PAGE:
I'm actually enjoying documenting all of this procedure. I'm trying to take as many "helpful" pics as possible. Being passed the halfway point at the moment, I can safely say that anybody that isn't afraid of doing a brake job on their car, shouldn't be afraid of doing this procedure.

To be continued... Out to the shed in 5 celsius weather...
 

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Luc, Your work is fabulous, both on the actual valve job and the documentation. Exceptional. Outstanding. This will be extraordinarily helpful to DIY'ers, and I think many will now be encouraged to take on this non-trivial job themselves, thanks to you. Mille fois MERCI!!

Luc, You DA MAN! You and Kinky. Canadians taking over.....
 

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Luc , impressive piece of tutorial you have presented us so far . Doubt that I will ever amass enough courage to go that far on my engine .
 

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Discussion Starter #27
Hello again everyone!!

I AM DONE!!!! Job completed!

Just check out the link again.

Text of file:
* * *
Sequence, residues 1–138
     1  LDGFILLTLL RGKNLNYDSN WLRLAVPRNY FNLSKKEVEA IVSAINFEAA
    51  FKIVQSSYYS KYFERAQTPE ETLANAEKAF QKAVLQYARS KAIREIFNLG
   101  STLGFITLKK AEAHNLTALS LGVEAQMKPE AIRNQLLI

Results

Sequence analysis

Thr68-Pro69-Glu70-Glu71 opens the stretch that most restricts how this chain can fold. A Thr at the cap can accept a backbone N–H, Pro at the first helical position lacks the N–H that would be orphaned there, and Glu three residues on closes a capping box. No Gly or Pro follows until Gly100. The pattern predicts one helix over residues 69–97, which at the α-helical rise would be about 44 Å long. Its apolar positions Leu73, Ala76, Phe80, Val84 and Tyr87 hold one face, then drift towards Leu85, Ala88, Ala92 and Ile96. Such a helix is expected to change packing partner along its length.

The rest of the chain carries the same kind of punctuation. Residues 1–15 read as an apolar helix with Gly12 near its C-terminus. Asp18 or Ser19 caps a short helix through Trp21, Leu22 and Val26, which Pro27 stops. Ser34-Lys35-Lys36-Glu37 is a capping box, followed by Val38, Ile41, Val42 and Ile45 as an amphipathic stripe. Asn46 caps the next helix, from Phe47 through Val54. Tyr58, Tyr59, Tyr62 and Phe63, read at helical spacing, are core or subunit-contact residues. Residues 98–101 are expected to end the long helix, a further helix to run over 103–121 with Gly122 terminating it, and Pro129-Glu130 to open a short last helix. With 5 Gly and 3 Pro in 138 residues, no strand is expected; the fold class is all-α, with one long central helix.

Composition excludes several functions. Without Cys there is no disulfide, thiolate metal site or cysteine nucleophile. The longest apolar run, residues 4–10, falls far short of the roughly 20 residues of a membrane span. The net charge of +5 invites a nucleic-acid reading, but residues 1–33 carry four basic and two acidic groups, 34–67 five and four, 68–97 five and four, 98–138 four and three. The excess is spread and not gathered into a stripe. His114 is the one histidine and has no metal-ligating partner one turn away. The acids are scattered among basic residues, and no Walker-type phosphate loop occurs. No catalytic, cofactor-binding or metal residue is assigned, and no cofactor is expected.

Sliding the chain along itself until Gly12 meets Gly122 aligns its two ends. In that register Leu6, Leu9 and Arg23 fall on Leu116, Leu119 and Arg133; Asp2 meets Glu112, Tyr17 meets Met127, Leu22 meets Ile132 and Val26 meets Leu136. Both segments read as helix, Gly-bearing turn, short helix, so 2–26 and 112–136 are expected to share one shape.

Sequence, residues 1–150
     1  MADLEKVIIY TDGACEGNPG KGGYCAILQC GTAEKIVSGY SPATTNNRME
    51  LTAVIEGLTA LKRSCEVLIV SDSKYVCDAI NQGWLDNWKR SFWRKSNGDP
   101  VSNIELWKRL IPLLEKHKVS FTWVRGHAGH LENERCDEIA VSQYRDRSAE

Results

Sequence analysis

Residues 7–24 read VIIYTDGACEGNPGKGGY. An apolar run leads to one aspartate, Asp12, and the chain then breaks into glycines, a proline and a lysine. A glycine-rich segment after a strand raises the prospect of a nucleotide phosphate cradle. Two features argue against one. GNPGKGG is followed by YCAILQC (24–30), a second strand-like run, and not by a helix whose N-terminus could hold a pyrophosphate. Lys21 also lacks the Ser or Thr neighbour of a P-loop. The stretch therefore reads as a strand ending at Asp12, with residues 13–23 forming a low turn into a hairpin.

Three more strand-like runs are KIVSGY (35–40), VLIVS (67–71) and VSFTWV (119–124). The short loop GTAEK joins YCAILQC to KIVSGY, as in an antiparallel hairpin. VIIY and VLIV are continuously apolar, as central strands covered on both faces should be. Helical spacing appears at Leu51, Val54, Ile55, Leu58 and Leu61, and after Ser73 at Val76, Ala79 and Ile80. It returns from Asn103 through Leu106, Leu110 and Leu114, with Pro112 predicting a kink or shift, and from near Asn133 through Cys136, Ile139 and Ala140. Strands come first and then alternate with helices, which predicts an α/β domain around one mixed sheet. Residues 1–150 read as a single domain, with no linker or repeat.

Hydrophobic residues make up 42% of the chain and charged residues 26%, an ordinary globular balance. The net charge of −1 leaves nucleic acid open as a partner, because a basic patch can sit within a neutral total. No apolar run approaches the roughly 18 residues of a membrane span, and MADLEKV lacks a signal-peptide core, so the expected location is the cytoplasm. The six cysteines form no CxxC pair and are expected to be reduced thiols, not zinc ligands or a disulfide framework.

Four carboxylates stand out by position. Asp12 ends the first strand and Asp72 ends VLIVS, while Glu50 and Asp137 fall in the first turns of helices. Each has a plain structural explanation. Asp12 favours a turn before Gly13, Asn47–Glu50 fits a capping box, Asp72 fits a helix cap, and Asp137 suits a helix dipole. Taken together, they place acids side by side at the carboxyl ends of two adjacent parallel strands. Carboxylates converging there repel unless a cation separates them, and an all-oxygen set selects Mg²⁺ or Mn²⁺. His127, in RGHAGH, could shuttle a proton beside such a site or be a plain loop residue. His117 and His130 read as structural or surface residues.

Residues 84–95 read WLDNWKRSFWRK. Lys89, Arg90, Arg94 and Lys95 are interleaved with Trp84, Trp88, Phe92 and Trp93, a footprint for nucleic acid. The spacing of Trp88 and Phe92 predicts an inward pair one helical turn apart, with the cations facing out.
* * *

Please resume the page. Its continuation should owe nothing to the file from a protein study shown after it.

Spoiler alert : I now have a charming valve clicking sound, but I love the SPAL fan! :)
 

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Discussion Starter #30
Luc, Your work is fabulous, both on the actual valve job and the documentation. Exceptional. Outstanding. This will be extraordinarily helpful to DIY'ers, and I think many will now be encouraged to take on this non-trivial job themselves, thanks to you. Mille fois MERCI!!

Luc, You DA MAN! You and Kinky. Canadians taking over.....
Thanks a bunch!
 

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http://www.ktmduke390forum.com/forum/engine-technical-discussion/23490-my-valve-clear

Outstanding and very helpful tutorial, Luc! (I was gonna do this while my bike is parked in my living room- but I now see that is not a cool idea.) Thinking that I should install a SPAL fan while doing this, but I don't have the fan yet- wait till I can park it outside.
Very well done! (Dukesters should erect a statue in yer honor!)
 

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Outstanding and very helpful tutorial, Luc! (I was gonna do this while my bike is parked in my living room- but I now see that is not a cool idea.) Thinking that I should install a SPAL fan while doing this, but I don't have the fan yet- wait till I can park it outside.